Whilst it's famously called "the most wonderful time of the year," Christmas can also be a difficult time for people. It can bring up painful memories of those no longer with us. Unfortunately, it can also add a great burden to those struggling either emotionally or financially. More often, though, Christmas is a combination of both sad and happy feelings, particularly as we get older, which reminded me of a lovely anecdote about the first Christmas. The story is told in an early Christian text, The Infancy Gospel of James, one of the earliest of the biographical hagiographies inspired by Christianity's leading figures.
"And Joseph saddled the ass, and set her upon it; and his son led it, and Joseph followed. And when they had come within three miles, Joseph turned and saw her sorrowful; and he said to himself: Likely that which is in her distresses her. And again Joseph turned and saw her laughing. And he said to her: Mary, how is it that I see in thy face at one time laughter, at another sorrow? And Mary said unto Joseph: Because I see two peoples with my eyes; the one weeping and lamenting, and the other rejoicing and exulting."
I hope everyone reading has a safe and blessed Christmas. And thank you so very much for reading Confessions of a Ci-Devant throughout 2011.
Happy Christmas, Gareth!ReplyDelete
Merry Christmas! I hope you had a lovely day!ReplyDelete
Not at all related to the article, Gareth, but I'm currently reading Professor Warnicke's 'The Rise and Fall of Anne Boleyn', having read both Ives' and Bernard's biographies of Anne. I had heard a lot about this controversial take on Anne, yet Warnicke's arguments on Anne's date of birth, childhood and role in the court are in many ways very interesting and at times convincing. I was swayed towards the 1507 birth date and it is entirely possible. However, I disagree with her claim that Mary Boleyn was the younger sister of Anne. Warnicke herself claims that Mary could not have been born before 20 April 1508, yet she was married on 4 February 1520, when she would not even have been the 12 years old girls were required to be at marriage.ReplyDelete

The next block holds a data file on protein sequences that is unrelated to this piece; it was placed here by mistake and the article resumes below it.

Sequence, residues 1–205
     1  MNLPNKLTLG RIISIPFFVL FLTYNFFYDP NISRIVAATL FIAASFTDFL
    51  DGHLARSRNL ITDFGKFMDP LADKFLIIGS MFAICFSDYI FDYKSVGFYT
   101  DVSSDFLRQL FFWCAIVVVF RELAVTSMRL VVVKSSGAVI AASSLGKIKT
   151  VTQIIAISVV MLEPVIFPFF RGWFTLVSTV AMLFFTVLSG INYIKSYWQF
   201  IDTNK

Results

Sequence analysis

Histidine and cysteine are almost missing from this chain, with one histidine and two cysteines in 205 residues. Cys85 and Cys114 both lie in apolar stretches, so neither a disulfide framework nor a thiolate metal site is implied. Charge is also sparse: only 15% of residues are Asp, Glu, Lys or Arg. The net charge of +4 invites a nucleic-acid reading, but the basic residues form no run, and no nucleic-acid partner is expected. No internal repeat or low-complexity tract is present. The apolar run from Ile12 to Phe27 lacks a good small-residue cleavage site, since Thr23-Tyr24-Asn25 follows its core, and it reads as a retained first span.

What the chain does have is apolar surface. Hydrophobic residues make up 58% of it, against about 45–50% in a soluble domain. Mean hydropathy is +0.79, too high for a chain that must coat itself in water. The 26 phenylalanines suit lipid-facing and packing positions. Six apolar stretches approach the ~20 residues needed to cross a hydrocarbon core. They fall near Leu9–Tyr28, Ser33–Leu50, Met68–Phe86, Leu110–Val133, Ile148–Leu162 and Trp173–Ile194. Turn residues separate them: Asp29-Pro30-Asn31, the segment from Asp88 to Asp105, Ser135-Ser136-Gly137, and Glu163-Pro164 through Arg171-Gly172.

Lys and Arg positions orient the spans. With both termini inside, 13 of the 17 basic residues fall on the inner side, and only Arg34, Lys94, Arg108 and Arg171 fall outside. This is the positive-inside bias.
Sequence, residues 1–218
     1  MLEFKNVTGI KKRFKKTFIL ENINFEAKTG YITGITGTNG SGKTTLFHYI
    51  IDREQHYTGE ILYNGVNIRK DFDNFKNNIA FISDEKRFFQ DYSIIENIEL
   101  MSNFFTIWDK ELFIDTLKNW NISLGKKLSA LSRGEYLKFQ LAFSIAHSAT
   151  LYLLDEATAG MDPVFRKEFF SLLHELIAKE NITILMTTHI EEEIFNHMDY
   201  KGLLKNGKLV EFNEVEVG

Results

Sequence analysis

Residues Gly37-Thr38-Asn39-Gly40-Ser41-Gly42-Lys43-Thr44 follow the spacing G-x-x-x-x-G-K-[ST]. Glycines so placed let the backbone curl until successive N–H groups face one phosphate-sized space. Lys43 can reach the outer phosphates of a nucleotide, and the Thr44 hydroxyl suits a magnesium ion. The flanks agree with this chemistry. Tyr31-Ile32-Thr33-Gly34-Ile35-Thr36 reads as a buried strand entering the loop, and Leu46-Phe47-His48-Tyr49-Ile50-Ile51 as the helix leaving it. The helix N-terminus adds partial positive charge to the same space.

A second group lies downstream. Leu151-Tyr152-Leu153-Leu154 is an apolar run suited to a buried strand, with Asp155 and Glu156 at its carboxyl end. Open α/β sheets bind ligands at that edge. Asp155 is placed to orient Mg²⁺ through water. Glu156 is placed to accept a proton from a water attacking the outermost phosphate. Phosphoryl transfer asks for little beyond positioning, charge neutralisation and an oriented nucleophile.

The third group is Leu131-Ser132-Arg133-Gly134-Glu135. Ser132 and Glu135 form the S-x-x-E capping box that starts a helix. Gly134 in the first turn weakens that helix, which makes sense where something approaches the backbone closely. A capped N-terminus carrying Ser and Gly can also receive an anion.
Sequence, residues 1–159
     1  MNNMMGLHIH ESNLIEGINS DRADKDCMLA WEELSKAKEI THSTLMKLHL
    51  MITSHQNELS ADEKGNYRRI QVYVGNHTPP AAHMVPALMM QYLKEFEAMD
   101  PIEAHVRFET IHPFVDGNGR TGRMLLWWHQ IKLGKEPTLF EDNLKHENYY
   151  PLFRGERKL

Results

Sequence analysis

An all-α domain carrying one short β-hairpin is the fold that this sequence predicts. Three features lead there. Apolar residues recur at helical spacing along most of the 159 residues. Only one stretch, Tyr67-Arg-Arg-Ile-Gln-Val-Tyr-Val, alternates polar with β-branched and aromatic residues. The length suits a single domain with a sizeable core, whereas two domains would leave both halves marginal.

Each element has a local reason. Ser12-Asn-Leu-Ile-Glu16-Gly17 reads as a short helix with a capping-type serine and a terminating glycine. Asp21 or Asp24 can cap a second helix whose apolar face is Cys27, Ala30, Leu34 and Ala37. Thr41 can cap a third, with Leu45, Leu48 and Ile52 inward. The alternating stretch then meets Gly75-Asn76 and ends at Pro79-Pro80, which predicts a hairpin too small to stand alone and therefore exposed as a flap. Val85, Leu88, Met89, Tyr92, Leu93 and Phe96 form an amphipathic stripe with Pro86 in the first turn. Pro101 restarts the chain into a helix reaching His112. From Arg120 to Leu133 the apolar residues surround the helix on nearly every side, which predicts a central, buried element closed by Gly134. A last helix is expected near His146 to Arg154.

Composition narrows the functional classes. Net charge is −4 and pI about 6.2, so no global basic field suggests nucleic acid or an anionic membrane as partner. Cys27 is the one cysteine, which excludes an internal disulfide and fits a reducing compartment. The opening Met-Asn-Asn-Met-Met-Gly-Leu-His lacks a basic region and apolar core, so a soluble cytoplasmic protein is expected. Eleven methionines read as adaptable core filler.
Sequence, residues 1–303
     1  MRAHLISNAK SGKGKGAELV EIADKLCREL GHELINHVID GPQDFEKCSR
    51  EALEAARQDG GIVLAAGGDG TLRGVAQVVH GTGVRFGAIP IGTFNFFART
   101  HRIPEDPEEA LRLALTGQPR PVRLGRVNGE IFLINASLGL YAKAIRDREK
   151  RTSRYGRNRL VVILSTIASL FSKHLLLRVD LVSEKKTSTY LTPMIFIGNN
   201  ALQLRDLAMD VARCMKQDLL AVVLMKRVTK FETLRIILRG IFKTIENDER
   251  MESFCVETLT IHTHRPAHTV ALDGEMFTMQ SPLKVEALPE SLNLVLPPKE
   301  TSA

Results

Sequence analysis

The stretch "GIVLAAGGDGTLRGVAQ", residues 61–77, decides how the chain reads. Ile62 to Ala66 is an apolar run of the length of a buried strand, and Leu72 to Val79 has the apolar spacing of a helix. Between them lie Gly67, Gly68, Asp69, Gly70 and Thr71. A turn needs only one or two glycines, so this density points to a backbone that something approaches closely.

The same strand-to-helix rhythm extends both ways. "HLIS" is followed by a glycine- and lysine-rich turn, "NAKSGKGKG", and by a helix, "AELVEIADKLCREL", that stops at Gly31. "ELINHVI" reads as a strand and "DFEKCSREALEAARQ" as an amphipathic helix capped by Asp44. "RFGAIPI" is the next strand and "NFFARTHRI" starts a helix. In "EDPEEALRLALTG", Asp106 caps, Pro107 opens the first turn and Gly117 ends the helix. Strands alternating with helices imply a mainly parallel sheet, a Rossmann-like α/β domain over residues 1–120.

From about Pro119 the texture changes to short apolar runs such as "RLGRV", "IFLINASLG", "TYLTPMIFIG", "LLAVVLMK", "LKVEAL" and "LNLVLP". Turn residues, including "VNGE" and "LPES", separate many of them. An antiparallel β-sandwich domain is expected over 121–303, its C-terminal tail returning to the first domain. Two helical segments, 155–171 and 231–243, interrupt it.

Anyway, I wanted to ask you about your opinion on the cause of Anne's fall. It seems that the three main historians' - Ives, Warnicke, Bernard - arguments for her fall are all so wide-ranging and yet so complicated. Ives asserts it was entirely political and Anne was brought down in a faction struggle, Warnicke claims it was because of Anne's deformed baby and the suspicion of witchcraft, while Bernard believes that the charges had some truth and Anne was guilty of some of the accusations.
Call me simple, but could it just be likely that, in April 1536, Queen Anne was still in a strong position, despite having lost her child, and instead of being involved in a faction battle with Cromwell, accusations of the Queen's immoral behaviour came to light, perhaps from her ladies-in-waiting such as Bridget Wiltshire and Lady Wingfield, which led Cromwell to instigate an investigation into her conduct? To me this seems the likeliest turn of events. I don't believe necessarily that Cromwell was trying to oust Anne from power, or was commissioned to do so by Henry, but from reading Ives, Bernard and Weir's takes on Anne's fall, the accusations of her ladies seem instrumental in leading to the investigation of her conduct which led to her death.